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Are Stationary Bikes Good for Knee Rehab?
Your knee isn’t just the largest joint in your body -- it’s also quite complex, according to the American Academy of Orthopaedic Surgeons. As a result, it’s very susceptible to injury, many of which can be treated non-surgically. Rehabilitation from a knee injury may include the standard RICE approach -- rest, ice, compression and elevation. Exercise, including cycling on a stationary bike, can also potentially provide relief and prevent further injury. Consult your doctor, however, before beginning this or any exercise regimen.
When you suffer a knee injury the muscles, tendons and ligaments become weak and the joint gets unstable. Rehabilitative exercises strengthen the muscles and joint structures that support the knee, improve stability and increases flexibility and range of motion, according to the National Institute of Arthritis and Musculoskeletal and Skin Diseases.
According to Robert Klapper and Lynda Huey, authors of “Heal Your Knees,” a bicycle program nurtures weight-bearing joints such as the knees. Also, because a cycling motion involves only the hinge joint part of the knee’s function, it doesn’t put any potentially damaging rotational torque on your knees, they explain. Also, biking on a stationary or regular bike builds up the quadriceps muscles, the primary protectors of your knees.
Different Bike, Different Ride
As Klapper and Huey point out, athletes or former athletes are more likely to favor upright bikes. But, if you’re older or have a back problem, a recumbent or reclining bike may be more suitable for you to use during your knee rehab. They recommend trying out both types of bikes to determine which feels better and which you find more effective for your knee.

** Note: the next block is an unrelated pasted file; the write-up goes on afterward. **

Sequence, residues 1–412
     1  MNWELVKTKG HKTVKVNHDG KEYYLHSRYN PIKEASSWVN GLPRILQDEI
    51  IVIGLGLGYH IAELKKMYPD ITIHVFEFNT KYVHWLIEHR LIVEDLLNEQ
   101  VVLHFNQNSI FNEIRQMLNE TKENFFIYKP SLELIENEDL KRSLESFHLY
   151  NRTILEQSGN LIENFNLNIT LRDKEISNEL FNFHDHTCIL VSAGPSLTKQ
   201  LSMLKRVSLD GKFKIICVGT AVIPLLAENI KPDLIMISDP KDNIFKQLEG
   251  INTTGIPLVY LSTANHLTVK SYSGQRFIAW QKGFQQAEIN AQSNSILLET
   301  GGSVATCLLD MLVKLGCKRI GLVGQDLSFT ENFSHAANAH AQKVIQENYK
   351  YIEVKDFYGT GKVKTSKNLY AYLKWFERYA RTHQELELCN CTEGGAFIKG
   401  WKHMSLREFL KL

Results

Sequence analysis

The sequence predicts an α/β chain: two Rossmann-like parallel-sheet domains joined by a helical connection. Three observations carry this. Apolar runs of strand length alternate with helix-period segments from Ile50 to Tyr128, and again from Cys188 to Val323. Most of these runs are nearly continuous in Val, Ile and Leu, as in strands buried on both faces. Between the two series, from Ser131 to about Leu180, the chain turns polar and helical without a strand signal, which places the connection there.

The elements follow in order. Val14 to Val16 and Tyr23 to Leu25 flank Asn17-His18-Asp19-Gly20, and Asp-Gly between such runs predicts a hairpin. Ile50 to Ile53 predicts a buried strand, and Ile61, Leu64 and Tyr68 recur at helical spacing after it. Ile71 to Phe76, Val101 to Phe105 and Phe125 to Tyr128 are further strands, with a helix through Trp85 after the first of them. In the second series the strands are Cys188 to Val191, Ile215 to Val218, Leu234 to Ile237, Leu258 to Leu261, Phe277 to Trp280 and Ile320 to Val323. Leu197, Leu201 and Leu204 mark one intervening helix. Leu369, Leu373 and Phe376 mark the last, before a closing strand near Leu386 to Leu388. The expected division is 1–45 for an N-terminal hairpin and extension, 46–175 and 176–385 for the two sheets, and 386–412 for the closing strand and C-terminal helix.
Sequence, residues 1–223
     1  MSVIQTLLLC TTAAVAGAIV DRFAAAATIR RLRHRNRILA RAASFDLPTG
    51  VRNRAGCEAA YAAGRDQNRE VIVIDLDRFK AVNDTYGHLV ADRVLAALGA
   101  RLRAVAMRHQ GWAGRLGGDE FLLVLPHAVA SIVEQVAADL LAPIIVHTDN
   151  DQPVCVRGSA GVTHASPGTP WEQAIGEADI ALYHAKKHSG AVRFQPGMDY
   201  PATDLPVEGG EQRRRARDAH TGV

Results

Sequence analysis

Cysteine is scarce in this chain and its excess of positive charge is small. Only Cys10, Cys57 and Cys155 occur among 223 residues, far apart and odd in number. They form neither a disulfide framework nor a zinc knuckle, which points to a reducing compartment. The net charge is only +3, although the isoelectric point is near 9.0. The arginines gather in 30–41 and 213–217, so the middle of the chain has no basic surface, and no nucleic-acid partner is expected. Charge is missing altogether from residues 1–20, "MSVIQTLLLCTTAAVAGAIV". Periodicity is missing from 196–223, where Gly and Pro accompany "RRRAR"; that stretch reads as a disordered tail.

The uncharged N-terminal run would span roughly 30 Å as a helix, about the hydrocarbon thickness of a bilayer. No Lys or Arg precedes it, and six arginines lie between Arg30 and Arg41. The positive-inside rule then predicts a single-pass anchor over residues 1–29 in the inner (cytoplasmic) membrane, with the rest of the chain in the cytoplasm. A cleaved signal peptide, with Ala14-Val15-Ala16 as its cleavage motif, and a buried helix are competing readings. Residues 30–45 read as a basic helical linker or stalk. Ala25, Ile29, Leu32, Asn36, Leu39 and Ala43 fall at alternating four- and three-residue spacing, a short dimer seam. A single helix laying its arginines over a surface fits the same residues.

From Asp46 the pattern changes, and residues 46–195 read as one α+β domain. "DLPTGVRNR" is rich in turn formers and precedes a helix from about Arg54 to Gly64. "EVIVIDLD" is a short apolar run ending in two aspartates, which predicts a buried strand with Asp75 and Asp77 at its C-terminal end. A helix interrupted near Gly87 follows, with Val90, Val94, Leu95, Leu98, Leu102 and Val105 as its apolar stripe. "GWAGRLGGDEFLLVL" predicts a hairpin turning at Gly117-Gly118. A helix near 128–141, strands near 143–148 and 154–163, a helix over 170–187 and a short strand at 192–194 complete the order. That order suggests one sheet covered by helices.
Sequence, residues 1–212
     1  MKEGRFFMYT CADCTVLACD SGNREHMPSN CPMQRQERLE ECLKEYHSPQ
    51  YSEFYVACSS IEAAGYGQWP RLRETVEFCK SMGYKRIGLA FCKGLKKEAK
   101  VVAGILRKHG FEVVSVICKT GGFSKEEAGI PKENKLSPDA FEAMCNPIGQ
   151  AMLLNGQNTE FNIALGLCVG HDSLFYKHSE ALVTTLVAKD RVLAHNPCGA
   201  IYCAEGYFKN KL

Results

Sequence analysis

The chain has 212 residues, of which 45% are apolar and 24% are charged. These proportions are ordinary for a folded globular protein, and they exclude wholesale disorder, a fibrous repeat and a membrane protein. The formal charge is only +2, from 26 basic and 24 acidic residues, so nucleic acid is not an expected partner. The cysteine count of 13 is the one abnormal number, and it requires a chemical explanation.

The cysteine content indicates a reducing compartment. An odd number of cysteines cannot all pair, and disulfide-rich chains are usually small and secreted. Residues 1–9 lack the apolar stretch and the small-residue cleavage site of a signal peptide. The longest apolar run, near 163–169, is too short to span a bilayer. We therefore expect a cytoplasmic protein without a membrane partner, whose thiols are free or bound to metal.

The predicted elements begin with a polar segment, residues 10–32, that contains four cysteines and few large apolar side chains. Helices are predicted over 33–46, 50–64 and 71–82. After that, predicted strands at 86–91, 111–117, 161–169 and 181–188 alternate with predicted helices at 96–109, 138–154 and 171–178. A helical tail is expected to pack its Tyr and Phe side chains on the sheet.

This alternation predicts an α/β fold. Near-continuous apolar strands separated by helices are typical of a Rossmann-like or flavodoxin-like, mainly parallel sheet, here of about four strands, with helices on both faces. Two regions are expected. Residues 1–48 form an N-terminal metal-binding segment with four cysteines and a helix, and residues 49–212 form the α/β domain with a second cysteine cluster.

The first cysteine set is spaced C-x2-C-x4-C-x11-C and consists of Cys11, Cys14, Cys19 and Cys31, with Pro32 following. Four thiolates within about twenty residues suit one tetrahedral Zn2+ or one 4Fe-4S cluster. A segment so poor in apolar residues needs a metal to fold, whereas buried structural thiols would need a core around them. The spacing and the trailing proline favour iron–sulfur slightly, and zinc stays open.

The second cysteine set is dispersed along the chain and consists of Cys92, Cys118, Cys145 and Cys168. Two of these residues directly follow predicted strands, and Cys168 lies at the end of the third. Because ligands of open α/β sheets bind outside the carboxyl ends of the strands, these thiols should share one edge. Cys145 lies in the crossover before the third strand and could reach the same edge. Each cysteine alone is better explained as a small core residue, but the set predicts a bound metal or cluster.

Use Good Form
Setting the seat height is the most critical consideration when using a stationary bike to rehabilitate your knee. Your seat should be set at a height that allows you to keep your knee almost straight at the bottom pedal position. If your knee straightens fully or bends more than a few degrees, adjust your seat. Klapper and Huey also recommend that the seat be flat rather than tilting upward or downward and that you keep your knees and feet pointing straight ahead.
Duration and Intensity
The AAOS recommends cycling for 10 minutes a day at light resistance at the beginning of your rehabilitation. Add an extra minute each day until you’re cycling 20 minutes daily. As your knee becomes stronger, gradually increase the resistance as well.
When to Stop
If at any time your pain or any other symptoms become worse, stop cycling and notify your doctor or physiotherapist. According to Brian Halpern, a sports medicine physician and author of “The Knee Crisis Handbook," a recumbent bike may take some of the pressure off your knees during cycling. Or, he recommends using a bicycler ergometer, which allows you to use your arms to turn the pedals of a stationary bike.
- American Academy of Orthopaedic Surgeons: Common Knee Injuries
- National Institute of Arthritis and Musculoskeletal and Skin Diseases: Knee Problems
- Heal Your Knees; Robert Klapper, M.D. and Lynda Huey
- American Academy of Orthopaedic Surgeons: Knee Arthroscopy Exercise Guide
- The Knee Crisis Handbook; Brian Halpern, M.D. and Laura Tucker
Kay Uzoma has been writing professionally since 1999. Her work has appeared in "Reader’s Digest," "Balance," pharmaceutical and natural health newsletters and on websites such as QualityHealth.com. She is a former editor for a national Canadian magazine and holds a Bachelor of Arts in political science from York University.